Principles and Significance of Base Editing and Prime Editing
Collected by Alex Sobko
Classical CRISPR-Cas9 Editing
CRISPR-Cas9 relies on non-homologous end joining (NHEJ) or homology-directed repair (HDR) following generation of double-strand breaks by nucleases, such as Cas9. HDR allows precise editing by donor DNA. However, precision of this method is not perfect — sometimes, it leaves uncorrected sequences at double-strand breaks and can result in integration in off-target sites.
This method was originally developed by Alexis Komor, David Liu and colleagues at Liu lab. To date, two major classes of Base Editors have been described: cytosine base editors (CBEs), which change C•G base pairs to T•A (Komor, Kim, Packer, Zuris, & Liu, 2016), and adenosine base editors (ABEs), which convert A•T base pairs to G•C (Gaudelli et al., 2017).
Base editor is designed so that there is a fusion between deaminase and Cas9 nickase or catalytically inactive dead Cas9. Deaminase functions to deaminate cytosine © and adenine (A) bases. Other base conversions are not currently possible with this method, as well as targeted deletions, insertions or some other types of mutations.
This system is tethered to a single-stranded DNA (ssDNA)-modifying enzyme. Cas protein makes a complex with a user-programmed guide RNA (gRNA) and binds to a genomic locus (termed the “protospacer”) that is complementary to the sequence of the gRNA and harbors a protospacer-adjacent motif (PAM, a short DNA sequence specific to the Cas protein used; Upon binding, the Cas protein locally denatures the target double-stranded DNA region to form an R-loop, exposing a small window∼5 nucleotides (nt) long — of ssDNA (Jiang et al., 2016). Once bound, the ssDNA-modifying enzyme catalyzes the deamination of target nucleobases within this window. Subsequent DNA replication or repair of these modified base intermediates (uracil or inosine) results in permanent introduction of single-base substitutions. Base Editor system is being currently optimized by Alexis Komor lab at UC San Diego.
There are many advantages in this method. Sometimes it out-performs Prime Editing. Still there are certain limitations of this method that preclude applying base editing approach as a strategy to cure many genetic diseases. It does not allow certain genetic engineering applications, including molecular tagging.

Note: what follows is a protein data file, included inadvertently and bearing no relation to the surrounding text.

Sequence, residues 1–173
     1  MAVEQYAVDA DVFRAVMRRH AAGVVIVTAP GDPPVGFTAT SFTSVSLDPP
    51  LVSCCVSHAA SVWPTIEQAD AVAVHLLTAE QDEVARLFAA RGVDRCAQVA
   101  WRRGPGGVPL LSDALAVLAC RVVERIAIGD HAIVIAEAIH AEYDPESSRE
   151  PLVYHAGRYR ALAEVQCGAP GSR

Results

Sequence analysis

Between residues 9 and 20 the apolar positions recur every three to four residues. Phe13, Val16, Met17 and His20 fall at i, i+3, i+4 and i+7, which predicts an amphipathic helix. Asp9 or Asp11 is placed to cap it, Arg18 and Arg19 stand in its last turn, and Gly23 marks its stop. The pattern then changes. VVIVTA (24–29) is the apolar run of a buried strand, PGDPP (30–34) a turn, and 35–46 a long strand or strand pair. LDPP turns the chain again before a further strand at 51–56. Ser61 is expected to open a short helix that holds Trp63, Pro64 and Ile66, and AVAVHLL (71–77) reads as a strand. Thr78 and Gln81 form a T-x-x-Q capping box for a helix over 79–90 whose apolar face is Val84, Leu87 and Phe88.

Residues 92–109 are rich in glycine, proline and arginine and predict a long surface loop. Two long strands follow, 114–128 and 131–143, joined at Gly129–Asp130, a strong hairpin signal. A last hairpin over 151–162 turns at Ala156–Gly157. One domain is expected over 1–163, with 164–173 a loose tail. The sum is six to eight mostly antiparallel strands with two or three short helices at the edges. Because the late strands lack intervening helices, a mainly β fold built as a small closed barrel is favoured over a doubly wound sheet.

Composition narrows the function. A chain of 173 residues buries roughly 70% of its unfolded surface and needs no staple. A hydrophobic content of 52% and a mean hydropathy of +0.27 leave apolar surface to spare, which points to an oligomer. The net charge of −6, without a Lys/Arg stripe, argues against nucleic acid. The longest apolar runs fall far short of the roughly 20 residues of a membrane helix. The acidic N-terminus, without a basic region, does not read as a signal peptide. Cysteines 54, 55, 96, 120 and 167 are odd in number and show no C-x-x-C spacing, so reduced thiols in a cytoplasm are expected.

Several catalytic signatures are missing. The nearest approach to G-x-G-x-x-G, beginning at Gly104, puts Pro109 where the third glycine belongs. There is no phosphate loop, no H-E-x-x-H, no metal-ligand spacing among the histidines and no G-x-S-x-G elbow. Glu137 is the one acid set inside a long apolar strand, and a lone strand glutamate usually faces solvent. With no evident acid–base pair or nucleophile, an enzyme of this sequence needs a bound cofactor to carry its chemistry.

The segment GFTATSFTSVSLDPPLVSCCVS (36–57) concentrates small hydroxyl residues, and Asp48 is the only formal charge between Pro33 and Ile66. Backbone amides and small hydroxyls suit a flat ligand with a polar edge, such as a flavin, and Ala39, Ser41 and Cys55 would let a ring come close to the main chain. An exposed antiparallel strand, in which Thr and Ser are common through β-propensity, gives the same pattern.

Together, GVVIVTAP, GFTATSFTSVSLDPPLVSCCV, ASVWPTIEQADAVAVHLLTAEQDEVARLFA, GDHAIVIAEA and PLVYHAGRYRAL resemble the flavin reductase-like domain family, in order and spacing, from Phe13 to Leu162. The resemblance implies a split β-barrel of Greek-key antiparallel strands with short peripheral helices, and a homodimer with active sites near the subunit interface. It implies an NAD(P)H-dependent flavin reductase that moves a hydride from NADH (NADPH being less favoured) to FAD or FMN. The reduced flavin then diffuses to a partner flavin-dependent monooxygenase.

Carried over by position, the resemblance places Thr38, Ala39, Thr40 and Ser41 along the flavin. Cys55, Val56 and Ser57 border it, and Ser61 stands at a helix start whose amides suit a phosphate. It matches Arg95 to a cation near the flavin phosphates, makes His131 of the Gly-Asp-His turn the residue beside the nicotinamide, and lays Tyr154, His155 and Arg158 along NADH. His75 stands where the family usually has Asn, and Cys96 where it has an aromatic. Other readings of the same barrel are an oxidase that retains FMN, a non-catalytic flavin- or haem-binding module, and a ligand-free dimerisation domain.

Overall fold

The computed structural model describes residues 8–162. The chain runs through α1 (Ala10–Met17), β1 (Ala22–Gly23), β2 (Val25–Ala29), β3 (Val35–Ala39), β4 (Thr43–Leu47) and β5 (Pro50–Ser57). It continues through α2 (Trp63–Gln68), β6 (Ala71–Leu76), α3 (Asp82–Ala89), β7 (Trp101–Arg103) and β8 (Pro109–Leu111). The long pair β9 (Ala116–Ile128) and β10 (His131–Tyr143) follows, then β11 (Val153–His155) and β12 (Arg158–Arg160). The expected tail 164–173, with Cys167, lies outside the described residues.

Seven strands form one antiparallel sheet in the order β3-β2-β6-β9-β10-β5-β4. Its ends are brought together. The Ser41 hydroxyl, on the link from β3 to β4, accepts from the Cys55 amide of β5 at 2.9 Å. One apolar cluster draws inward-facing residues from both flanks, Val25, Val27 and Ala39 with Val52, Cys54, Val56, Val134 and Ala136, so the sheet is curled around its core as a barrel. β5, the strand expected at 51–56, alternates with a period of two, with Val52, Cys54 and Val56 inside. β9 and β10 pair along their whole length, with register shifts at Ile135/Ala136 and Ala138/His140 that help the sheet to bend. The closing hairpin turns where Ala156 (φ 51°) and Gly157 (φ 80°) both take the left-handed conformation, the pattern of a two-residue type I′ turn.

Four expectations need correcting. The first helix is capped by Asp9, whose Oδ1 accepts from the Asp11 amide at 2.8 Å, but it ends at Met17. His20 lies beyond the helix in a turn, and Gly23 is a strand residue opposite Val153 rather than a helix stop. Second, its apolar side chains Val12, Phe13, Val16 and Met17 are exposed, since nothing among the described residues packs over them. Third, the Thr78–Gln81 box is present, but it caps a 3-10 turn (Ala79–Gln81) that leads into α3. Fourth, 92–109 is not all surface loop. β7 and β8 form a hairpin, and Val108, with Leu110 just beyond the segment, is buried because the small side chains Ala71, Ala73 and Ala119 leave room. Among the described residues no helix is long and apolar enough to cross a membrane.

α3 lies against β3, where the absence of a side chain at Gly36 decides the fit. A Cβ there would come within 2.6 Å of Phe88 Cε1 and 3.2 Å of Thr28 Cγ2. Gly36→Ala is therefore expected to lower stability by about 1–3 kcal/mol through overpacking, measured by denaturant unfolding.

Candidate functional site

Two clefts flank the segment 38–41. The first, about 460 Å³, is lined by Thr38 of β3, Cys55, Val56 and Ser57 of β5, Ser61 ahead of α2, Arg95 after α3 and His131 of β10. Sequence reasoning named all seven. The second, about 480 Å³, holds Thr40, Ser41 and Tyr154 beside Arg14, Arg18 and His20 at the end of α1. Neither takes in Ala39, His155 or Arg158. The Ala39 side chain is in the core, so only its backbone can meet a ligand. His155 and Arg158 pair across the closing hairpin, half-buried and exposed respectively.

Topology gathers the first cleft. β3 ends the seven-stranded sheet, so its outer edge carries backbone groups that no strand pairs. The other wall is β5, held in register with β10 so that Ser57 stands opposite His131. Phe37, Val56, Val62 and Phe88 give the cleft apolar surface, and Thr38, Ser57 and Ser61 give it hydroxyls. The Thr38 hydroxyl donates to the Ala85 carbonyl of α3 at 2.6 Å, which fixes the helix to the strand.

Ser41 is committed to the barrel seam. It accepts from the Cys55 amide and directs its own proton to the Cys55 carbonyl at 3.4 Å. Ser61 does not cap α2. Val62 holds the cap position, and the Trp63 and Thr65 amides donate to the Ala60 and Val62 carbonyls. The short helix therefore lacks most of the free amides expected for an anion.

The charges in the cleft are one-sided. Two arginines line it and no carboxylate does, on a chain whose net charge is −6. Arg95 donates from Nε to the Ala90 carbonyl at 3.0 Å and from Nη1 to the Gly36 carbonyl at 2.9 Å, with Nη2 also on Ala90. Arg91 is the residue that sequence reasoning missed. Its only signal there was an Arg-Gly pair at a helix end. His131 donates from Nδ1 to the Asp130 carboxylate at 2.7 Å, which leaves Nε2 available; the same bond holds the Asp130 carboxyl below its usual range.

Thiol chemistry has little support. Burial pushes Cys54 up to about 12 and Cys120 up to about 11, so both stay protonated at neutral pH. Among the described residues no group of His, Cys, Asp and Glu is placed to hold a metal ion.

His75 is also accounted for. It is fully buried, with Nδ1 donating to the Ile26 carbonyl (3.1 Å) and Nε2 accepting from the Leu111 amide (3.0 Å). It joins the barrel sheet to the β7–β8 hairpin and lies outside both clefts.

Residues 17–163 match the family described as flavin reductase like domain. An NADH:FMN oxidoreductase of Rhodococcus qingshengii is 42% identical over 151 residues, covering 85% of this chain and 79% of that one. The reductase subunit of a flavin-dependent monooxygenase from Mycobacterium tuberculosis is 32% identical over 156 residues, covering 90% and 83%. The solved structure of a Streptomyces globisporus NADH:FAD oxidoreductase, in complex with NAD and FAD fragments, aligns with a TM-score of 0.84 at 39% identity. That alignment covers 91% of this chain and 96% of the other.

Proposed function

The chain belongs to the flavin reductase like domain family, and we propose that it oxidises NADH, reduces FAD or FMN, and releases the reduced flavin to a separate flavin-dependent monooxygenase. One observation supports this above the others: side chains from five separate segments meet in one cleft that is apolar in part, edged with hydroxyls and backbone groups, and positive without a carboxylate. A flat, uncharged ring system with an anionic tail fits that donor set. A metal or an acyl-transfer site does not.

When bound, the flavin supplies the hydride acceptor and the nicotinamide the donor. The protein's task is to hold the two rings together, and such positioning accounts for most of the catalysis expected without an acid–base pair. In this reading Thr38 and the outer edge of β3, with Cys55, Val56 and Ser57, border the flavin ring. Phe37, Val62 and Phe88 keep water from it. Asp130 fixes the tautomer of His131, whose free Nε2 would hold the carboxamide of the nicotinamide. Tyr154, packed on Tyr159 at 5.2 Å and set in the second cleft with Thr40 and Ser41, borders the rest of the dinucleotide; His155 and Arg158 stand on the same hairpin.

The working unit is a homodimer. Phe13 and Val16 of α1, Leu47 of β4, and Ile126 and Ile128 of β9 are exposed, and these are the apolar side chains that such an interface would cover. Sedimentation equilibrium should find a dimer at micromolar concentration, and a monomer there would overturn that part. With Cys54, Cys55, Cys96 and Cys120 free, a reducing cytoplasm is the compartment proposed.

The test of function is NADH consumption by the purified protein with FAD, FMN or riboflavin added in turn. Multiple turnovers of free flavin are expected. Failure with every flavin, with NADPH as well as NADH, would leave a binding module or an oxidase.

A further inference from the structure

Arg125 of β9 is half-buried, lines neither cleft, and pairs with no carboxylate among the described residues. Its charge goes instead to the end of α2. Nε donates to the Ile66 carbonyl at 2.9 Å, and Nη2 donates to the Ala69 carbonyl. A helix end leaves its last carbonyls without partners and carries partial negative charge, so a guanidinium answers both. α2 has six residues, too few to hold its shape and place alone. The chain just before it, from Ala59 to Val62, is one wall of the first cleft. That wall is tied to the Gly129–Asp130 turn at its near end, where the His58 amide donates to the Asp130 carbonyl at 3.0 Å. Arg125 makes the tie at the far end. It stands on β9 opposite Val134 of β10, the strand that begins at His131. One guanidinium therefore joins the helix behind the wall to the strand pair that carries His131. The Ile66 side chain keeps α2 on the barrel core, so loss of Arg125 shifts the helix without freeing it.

This method has been developed more recently in the laboratory of Professor David Liu and being optimized by David Liu’s and other laboratories. This method does not require double-stranded DNA breaks.
Prime Editors consist of Cas9 H840A nickase fused to M-MLV reverse transcriptase (RT) and prime editing guide RNA (pegRNA). pegRNA includes primer binding sequence (PBS) and RT template sequence with the desired edit.
pegRNA 1) guides Cas9 H840A nickase to genomic DNA sequence to be edited; 2) determines the edited sequence to be inserted. Cas9 nicks one strand, RT fused to Cas9 copies edited sequence at the nicked target site, then cell uses DNA repair machinery to incorporate the edited sequence, making permanent change in genomic DNA.
The steps of editing by Prime Editor:
1) Upon target recognition, the protospacer adjacent motif (PAM)–containing strand is nicked by Cas9 H840A nickase that makes single-stranded break in one of the strands (non-target strand);
2) Primer binding sequence (PBS) of pegRNA hybridizes with 3’-region of the nicked strand;
3) Reverse transcription of the template target sequence (3’-flap edit);
4) Ligation and incorporation of newly synthesized sequence;
5) Edited sequence is incorporated into both strands by DNA repair.
The advantage of Prime Editor method is that it has broad range of applications including various types of mutations, insertions, deletions, combinations of several mutations. For example, insertions and deletions of up to 80 nucleotides could be useful for genetic engineering. It is also an advantage that this method does not involve generation of double-stranded breaks.
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Selected recent developments:
Sequencing screen for off-target effects of Prime Editing:
Do Yon Kim et al, Nucleic Acid Research, 2021, 48, 18, 10576–10589.
In mice comparison of HDR-based CRISPR editing with Prime Editing (efficient single base editing in TF binding site by Prime Editor):
Pan Gao et al, Genome Biology, 2021, 22, 83
Prime Editor in Organoids: modeling point mutations in TP53 (caused by known carcinogen and others), APC; repair of CFTR-R785* mutation; comparison of efficiency and off-target effects between Base Editor and Prime Editor:
Maarten H Geurts et al, Life Science Alliance, 2021
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